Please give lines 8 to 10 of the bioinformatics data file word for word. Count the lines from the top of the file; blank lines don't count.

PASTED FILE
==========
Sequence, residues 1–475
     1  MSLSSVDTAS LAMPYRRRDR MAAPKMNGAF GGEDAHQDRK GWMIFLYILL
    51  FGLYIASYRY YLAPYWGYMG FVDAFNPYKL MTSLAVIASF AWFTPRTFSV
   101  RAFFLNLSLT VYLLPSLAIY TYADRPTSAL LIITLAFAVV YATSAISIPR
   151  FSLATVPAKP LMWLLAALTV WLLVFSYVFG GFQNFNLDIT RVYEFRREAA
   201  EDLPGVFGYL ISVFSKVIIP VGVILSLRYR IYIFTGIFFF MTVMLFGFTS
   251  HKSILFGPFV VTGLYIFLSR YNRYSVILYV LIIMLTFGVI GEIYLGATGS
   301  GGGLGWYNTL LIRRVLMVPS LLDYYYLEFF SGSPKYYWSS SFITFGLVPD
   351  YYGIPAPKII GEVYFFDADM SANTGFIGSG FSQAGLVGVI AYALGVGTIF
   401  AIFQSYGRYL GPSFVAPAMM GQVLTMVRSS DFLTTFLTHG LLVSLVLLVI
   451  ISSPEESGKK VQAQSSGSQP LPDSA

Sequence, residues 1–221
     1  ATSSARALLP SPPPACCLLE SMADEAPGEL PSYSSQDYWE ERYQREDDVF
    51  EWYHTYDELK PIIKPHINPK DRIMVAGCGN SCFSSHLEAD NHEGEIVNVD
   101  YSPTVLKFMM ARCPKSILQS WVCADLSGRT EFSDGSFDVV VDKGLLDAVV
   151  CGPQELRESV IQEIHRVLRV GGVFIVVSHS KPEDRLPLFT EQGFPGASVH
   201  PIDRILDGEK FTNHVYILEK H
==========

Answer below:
   301  GGGLGWYNTL LIRRVLMVPS LLDYYYLEFF SGSPKYYWSS SFITFGLVPD
   351  YYGIPAPKII GEVYFFDADM SANTGFIGSG FSQAGLVGVI AYALGVGTIF
   401  AIFQSYGRYL GPSFVAPAMM GQVLTMVRSS DFLTTFLTHG LLVSLVLLVI